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• • • • • Sensation overview Hearing (audition) Vision Chemical Senses Somatic Senses Announcement s
• Participation Poll: Midsemester course feedback • Do Subject Pool hours (& written Assignment 4) • Study Chs. 4 & 5 • Last day to drop course: Fri Oct 15th • Midterm Qs review in office hours starting Question
• Correlations between the IQ scores of identical twins reared together are higher than the correlations between IQ scores of identical twins reared apart. This finding suggests that __________ influences IQ scores.
a) b) c) d) genes environment gender date of birth Question
• Which of the following typically makes the experimental group and the control group very similar before the independent variable is manipulated by the experimenter?
a) b) c) d) Random sampling Random assignment Counterbalancing The double-blind design Answer
• Choice b is correct. • Random assignment tends to spread the effects of uncontrolled variables randomly across the groups in an experiment. (Chapter 2, Experiments: Exploring Cause and Effect section) • Sense: System that translates outside information into neural activity • Sensations: Messages from senses that provide a link to the environment • Perception: Making sensations into meaningful experiences Sensation L.O. 2 • Energy from the outside world psychological experience (perception) Sensation L.O. 2 • Accessory structures: Help collect energy from world
•e.g. lens in our eye focuses light Sensation L.O. 2 • Accessory structure: Helps collect energy from world • Sensory receptors: convert energy into action potentials (transduction) Sensation L.O. 2 • Accessory structure: Helps collect energy from world • Sensory receptors: convert energy into action potentials (transduction) • Sensory nerves: Carry info. to brain Sensation L.O. 2 • Accessory structure: Helps collect energy from world • Sensory receptors: convert energy into action potentials (transduction) • Sensory nerves: Carry info. to brain • Thalamus: “Relay station” in brain Sensation L.O. 2 • Accessory structure: Helps collect energy from world • Sensory receptors: convert energy into action potentials (transduction) • Sensory nerves: Carry info. to brain • Thalamus: “Relay station” in brain • Cerebral cortex (perception) Have you heard ringing in your ears after exercising? Have you seen stars after Getting hit in the head? Why Aren't Senses Always Accurate?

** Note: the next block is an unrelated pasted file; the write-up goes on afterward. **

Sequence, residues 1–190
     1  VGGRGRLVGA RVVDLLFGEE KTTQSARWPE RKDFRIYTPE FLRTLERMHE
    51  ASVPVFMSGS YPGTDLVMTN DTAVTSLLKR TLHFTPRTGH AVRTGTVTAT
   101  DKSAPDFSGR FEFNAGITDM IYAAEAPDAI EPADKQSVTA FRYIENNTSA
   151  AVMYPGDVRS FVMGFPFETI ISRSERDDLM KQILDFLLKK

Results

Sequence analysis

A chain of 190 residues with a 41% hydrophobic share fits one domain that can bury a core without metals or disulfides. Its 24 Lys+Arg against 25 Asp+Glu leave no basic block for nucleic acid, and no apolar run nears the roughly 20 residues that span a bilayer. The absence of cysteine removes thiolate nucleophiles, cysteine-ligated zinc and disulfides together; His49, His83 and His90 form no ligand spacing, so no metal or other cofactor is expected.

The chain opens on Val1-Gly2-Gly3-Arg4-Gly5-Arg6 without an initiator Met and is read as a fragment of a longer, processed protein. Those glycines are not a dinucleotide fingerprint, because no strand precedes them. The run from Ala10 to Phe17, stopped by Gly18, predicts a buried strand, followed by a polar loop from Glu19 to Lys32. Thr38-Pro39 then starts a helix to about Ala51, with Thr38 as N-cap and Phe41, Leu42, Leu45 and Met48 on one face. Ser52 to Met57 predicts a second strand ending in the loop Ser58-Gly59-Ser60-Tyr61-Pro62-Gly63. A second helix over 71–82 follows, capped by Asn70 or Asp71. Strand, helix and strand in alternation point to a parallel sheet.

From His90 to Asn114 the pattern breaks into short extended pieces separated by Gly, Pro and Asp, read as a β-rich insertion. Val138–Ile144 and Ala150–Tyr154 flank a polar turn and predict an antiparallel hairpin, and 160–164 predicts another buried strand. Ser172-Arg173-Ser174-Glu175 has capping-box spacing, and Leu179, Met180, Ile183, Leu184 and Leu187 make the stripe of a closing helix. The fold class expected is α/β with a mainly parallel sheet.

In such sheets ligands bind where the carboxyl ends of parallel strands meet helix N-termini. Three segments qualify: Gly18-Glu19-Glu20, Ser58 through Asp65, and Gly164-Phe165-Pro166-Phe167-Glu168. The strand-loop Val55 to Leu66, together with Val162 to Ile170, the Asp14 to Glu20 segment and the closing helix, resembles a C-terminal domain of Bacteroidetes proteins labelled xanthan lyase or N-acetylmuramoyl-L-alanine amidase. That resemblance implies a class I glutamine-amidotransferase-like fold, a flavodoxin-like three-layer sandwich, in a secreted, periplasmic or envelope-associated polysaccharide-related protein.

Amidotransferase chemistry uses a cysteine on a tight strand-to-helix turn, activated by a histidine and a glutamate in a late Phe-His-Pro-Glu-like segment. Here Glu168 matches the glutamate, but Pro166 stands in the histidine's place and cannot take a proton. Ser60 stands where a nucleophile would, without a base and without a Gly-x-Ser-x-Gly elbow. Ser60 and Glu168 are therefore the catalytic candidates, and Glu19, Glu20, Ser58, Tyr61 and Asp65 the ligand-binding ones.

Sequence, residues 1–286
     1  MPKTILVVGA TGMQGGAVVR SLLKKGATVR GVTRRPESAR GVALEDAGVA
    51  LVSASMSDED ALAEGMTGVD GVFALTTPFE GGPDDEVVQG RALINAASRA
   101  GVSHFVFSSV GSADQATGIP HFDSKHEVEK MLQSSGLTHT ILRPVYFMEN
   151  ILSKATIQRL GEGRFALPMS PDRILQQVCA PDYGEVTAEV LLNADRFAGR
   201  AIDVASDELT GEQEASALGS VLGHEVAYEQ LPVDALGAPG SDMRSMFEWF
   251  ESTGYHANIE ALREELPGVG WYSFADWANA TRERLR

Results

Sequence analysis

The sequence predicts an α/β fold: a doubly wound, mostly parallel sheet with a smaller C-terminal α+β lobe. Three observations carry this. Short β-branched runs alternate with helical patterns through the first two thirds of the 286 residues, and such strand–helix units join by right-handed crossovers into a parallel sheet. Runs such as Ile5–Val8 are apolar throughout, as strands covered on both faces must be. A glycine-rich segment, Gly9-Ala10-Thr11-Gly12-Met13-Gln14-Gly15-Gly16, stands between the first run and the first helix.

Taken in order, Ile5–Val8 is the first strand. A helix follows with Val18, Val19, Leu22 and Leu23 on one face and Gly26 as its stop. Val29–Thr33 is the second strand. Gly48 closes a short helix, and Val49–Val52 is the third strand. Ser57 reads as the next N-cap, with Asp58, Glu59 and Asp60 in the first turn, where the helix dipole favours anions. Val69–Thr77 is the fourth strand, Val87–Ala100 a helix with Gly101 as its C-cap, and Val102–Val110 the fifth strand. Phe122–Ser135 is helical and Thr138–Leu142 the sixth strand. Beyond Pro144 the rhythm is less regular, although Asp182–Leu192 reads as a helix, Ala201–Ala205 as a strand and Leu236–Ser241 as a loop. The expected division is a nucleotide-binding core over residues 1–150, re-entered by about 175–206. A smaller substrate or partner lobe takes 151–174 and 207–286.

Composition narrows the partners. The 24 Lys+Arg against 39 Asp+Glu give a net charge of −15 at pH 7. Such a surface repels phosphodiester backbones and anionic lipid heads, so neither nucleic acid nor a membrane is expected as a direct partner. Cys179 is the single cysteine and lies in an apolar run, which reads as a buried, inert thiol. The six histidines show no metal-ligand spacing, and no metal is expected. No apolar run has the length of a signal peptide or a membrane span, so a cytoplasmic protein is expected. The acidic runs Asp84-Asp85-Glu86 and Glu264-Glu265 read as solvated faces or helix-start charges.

• Doctrine of specific nerve energies: Anything that stimulates sensory nerve produces sensation – There is only 1 specific way our brain interprets these – Can create illusions if it is stimulated for the “wrong” reason • 1: Exercising increases your blood pressure and causes your blood vessels to press on your auditory nerve. • 2: Your brain automatically interprets this activity as a sound. L.O. 5 1: This is because the visual cortex was activated by hitting the side of your skull. 2: Your brain interprets this as seeing something Hearing Hearing SOUND Physical Characteristics of Sound Sound
• Sound= vibrations. fluctuations in pressure. Physical Characteristics of Sound Sound